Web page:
Forest Rescue

Saving South West WA's unique and precious forests Advice and assistance on Non-Violent Direct Action campaigning to save the environment

Save Helms Forest!

GWN7 news item from Monday 18th September, covering the campaign to protect Helms and the threat to endangered black cockatoos from the logging of Helms by the FPC.

The news reader got it wrong.

Helms is not the cockatoos ONLY remaining habitat but it's a vital part of it because it's right next to a major cockatoo rehabilitation and breeding centre and the cockatoos are released from there directly into Helms. All of the remaining Jarrah/Marri forest is important feeding and breeding habitat to ALL 3 of WA's endangered black cockatoo species - Forest Red-tailed, Carnaby's and Baudin's Black Cockatoos.

Much of the forest around the rehabilitation centre has been recently severely burned by an escaped DEC burnoff and also much of the forest has been disturbed and damaged by logging by the FPC. Recently, the cockatoos have become all too common on the Swan Coastal Plain because they are struggling to find enough food in the forest. The best food source for all 3 species are Marri trees with their huge gum nuts and large seeds inside but the cockatoos are being forced to seek food in areas where they don't normally spend too much time, like the suburbs and roadsides around Perth. Hanging around highly populated areas looking for food, they risk being shot, hit by cars and trucks and being poisoned by eating exotic plants that they wouldn't normally touch unless they are very hungry. Many are being found during the hotter months and turned in to rehabilitation centres in a very poor condition, starving and exhausted.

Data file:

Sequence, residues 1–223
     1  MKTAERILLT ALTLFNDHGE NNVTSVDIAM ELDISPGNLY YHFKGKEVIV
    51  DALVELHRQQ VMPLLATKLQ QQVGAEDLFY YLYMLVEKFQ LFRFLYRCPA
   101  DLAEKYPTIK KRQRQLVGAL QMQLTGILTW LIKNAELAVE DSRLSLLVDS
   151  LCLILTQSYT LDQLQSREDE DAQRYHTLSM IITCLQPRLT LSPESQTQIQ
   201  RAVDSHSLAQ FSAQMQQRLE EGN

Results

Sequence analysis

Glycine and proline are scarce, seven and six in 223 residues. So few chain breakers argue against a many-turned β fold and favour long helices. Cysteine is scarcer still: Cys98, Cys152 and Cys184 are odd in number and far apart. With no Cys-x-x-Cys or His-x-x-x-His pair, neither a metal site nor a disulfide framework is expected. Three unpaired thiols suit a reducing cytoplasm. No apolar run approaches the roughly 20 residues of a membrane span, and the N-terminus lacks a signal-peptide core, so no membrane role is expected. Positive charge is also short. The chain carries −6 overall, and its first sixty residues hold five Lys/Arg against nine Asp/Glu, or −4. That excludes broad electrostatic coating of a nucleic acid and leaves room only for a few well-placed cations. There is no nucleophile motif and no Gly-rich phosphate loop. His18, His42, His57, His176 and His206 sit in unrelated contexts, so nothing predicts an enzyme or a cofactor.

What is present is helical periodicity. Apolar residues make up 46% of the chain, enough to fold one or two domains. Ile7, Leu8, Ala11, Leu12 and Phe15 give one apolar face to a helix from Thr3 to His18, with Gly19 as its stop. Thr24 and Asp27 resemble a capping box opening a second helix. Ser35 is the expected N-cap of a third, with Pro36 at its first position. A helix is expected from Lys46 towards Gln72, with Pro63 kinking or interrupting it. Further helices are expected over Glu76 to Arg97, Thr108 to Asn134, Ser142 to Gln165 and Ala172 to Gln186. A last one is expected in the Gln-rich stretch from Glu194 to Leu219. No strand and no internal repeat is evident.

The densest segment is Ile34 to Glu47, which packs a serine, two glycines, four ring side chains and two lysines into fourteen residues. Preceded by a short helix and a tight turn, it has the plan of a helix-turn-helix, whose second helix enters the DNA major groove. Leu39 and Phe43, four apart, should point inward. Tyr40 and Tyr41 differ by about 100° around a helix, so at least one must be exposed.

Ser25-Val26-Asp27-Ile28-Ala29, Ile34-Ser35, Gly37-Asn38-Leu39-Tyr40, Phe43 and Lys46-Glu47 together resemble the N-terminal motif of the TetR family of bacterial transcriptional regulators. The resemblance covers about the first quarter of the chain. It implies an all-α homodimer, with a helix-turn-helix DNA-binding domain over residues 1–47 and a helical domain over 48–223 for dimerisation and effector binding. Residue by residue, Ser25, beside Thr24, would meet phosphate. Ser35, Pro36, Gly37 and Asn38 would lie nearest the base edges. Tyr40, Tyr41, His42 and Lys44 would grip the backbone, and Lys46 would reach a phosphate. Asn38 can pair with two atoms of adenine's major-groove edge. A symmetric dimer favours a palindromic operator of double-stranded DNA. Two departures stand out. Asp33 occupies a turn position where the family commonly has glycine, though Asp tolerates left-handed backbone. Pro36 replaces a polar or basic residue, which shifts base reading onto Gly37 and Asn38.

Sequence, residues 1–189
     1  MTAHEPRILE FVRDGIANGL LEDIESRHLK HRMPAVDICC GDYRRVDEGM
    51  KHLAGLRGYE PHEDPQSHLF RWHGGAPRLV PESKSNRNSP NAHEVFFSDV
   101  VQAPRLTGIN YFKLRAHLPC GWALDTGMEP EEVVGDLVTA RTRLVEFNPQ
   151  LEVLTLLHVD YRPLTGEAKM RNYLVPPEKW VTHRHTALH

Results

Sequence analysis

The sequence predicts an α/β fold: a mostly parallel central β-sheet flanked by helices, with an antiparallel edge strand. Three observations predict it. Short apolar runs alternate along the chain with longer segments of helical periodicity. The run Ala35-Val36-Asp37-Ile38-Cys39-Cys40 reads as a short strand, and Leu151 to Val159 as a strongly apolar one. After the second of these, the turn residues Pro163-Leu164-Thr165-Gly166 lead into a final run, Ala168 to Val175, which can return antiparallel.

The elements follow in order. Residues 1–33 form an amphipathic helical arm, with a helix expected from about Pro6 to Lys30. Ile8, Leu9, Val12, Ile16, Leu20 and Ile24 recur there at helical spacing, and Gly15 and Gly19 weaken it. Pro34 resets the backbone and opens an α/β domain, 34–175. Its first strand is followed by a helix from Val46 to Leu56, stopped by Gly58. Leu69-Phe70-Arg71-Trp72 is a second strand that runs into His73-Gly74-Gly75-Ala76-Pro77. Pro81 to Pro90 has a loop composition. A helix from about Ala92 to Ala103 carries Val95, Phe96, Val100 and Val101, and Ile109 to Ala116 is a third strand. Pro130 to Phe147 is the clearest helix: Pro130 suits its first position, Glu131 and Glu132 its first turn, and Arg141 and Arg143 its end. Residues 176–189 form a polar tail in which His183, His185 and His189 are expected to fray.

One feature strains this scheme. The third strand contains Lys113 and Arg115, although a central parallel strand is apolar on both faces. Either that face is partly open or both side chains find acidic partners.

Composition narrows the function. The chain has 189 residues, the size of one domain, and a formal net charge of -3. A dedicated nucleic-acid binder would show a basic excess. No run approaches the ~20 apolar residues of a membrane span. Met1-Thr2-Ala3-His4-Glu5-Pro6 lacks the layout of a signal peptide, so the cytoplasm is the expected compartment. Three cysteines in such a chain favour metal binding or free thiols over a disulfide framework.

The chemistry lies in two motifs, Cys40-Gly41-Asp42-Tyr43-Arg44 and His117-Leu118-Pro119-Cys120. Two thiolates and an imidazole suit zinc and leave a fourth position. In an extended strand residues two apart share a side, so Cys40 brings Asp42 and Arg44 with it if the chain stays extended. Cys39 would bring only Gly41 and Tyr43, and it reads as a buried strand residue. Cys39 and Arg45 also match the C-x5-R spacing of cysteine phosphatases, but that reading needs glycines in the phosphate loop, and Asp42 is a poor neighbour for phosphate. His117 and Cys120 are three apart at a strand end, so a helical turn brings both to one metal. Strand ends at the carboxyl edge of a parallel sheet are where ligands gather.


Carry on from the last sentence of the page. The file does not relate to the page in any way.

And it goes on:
It all adds up to the gradual but very likely extinction of all 3 species of these black cockatoos as they have been in decline for decades and the decline is accelerating now.

Logging is reducing the number of older hollow bearing Marri and Jarrah trees that they nest in and feed on. This has recently been confirmed by Ron Johnstone of the WA Museum and has long been suspected by environment groups. Marri and banksia trees are regularly targeted by the Forest Products Commission to be notched and poisoned (killed off) and these are vital food sources for the birds.

Nothing is as black and white as the news readers or the forest industry tells us! Reality and life's not that simple.


Posted by Simon Peterffy on September 18, 2012 at 11:04 PM 4150 Views

Post a Comment

Oops!

Oops, you forgot something.

Oops!

The words you entered did not match the given text. Please try again.

You must be a member to comment on this page. Sign In or Register

0 Comments